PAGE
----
India joined the WTO grudgingly, not out of conviction but because there was little choice left. Political and bureaucratic hurdles are many, labyrinthine and substantial; bribery is rampant at multiple levels in the chain of decision-making required to get government approval; markets are split from suppliers, with transportation networks that are far too inadequate and antiquated for linking them effectively; communications and electricity are risible for a country that claims to be an IT powerhouse; and the debilitating twin cultures of entitlements and subsidies constrain rewards for enterprise and merit, on the one hand, and the operation of the price mechanism on the other. Economic growth has yet to translate into significantly rising employment. A telling human cost of those left behind: in the 1997-2009 period, 216,500 farmers committed suicide, for an average of 16,654 people per year for 13 years running. In 2010, India’s road death toll was around 150,000 — thrice as many as the U.S. or, on a per vehicle basis, almost 20 times the U.S. Most of those killed in India’s traffic accidents are pedestrians, cyclists, motorcyclists and pillion riders — that is, those from the poorer end of society, not the more affluent car drivers and passengers. Even this statistic is a proxy for several ailments, including inadequate infrastructure that adds to road risks and public corruption that ensures weak compliance with driving skills and safety regulations, etc. India will need a minimum infusion of $500 billion investment in its infrastructure sector over five years. Reservations for the scheduled castes and tribes were written into the constitution in 1950. Had they worked, they would have fallen into desuetude by now. Instead they keep multiplying and expanding, which in itself is proof of their failure. The pathology of caste quotas includes many pernicious and perverse consequences in addition to compromising merit and ability- based recruitment and promotion, which has an economic efficiency cost. Indians are more caste-conscious than they were at independence.

Corruption distorts markets and encourages inefficiency. The biggest cost is political. It would be difficult to exaggerate the revulsion of ordinary people to the ubiquitous and institutionalized venality of public life. Petty corruption is especially endemic at the lower, clerical levels of administration — precisely the point at which the ordinary citizen comes into daily contact with officialdom. Hence the mass support for the Ana Hazare movement that seems to have thrown the government off balance. Since 1989, the federal government has been either a minority or coalition government, dependent for continuance on the support of a number of minor parties whose political base rarely extends beyond one province. Some months ago India’s editors were called for an extraordinary conversation in which Prime Minister Manmohan Singh confessed to helplessness in tackling corruption because of the compulsions of coalition politics. The volatility of democratic governance makes it difficult to make decisions that are timely, final and forceful. So many different constituencies and interests must be appeased, so much time devoted to getting “consensus,” that what is necessary for national advancement gets progressively whittled down to what is possible for political survival in a fractious coalition. The legitimacy of India’s political democracy is also being corroded with the criminalization of politics and dynastic parliamentary representation. Around one-third of members of Parliament face serious criminal charges. Not just the leadership of the Congress and some other political parties, but even many ordinary MPs inherit seats as family patrimonies.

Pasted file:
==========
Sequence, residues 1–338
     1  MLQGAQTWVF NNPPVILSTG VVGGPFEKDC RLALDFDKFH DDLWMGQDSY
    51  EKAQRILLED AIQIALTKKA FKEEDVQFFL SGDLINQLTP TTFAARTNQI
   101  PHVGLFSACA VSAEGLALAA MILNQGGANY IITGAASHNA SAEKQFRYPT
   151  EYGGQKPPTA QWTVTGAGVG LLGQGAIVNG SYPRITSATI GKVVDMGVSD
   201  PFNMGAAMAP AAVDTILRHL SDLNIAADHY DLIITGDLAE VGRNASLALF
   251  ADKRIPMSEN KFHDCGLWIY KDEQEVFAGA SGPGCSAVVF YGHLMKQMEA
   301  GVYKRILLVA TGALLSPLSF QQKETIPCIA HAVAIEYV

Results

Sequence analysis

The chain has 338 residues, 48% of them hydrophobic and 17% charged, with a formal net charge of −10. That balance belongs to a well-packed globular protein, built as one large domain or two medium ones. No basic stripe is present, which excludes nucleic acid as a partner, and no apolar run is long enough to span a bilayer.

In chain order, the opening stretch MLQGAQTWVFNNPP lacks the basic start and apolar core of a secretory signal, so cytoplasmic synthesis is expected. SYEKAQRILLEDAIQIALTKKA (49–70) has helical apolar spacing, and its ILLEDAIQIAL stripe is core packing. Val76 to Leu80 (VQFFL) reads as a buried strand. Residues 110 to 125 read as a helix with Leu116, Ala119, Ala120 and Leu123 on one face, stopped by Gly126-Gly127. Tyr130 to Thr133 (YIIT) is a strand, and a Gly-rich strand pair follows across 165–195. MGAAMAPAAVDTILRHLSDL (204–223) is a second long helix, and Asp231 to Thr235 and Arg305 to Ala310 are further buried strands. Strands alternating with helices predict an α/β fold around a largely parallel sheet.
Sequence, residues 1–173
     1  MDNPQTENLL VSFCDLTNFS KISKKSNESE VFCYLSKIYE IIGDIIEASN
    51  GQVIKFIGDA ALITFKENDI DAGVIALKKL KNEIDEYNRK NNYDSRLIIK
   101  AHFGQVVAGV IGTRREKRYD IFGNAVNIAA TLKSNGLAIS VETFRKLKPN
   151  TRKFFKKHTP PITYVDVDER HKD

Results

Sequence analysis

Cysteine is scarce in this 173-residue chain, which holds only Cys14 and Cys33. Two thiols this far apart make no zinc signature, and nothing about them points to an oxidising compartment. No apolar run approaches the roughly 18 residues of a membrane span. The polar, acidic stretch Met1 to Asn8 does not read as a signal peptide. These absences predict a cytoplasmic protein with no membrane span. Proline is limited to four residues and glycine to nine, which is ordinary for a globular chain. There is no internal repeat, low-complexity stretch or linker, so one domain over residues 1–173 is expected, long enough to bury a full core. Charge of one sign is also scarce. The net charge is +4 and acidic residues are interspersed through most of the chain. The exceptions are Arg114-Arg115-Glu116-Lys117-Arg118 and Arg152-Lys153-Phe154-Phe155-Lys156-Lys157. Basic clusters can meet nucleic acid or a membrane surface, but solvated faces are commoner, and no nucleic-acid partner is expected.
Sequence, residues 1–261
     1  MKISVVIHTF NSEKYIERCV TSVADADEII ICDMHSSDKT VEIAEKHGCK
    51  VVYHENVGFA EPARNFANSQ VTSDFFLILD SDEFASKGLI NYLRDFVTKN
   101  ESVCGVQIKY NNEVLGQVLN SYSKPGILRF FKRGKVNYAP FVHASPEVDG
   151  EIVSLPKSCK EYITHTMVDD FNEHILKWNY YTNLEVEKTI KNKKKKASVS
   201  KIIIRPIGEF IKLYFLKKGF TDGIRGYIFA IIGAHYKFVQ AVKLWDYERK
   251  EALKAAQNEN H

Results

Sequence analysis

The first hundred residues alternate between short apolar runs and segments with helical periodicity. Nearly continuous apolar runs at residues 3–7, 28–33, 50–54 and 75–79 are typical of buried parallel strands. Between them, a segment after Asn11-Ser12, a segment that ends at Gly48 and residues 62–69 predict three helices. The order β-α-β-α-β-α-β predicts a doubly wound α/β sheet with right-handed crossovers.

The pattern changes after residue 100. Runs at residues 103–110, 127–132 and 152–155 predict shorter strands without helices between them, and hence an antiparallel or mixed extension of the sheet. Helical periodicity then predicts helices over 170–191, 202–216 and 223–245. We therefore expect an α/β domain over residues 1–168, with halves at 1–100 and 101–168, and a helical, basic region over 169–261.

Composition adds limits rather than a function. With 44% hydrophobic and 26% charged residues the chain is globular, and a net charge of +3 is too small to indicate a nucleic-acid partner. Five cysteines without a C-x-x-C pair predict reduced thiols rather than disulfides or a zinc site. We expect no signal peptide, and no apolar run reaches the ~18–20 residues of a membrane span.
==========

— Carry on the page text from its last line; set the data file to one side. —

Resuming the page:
Calculations done by Patrick French show that 29 percent of India’s MPs inherited a “family” seat. For Congress Party MPs, the figure is 38 percent. Most worryingly, 70 percent of women MPs and more than two-thirds of the 66 MPs under 40 in India’s parliament are hereditary MPs. No wonder the people feel disenchanted! The weak economic institutions, stifling regulatory norms, barriers to starting and closing businesses, tardy and costly enforcement of property rights, complex and time-consuming dispute resolution procedures, are matched by poor quality of governance in the legal and political institutions. The instruments of state are still used far too much to serve the interests of the rulers at the expense of the welfare of citizens. The Singh government has been palpably adrift, in part owing to coalition complications, in part to power lying in Sonia Gandhi’s hands while Singh is prime minister, and in part to the anticipated but protracted and uncertain transition from Singh to Rahul Gandhi as prime minister. Still, the good thing is that Indians themselves debate their shortcomings and merits openly and vigorously. Many members of the chattering class, mired in a nostalgia for a golden age that never was, oppose the very reforms that have brought hope and improvement for the poor. Many more behave as if the promise of economic development is reality. Hubris and complacency might prove to be the biggest threat to the promise being realized.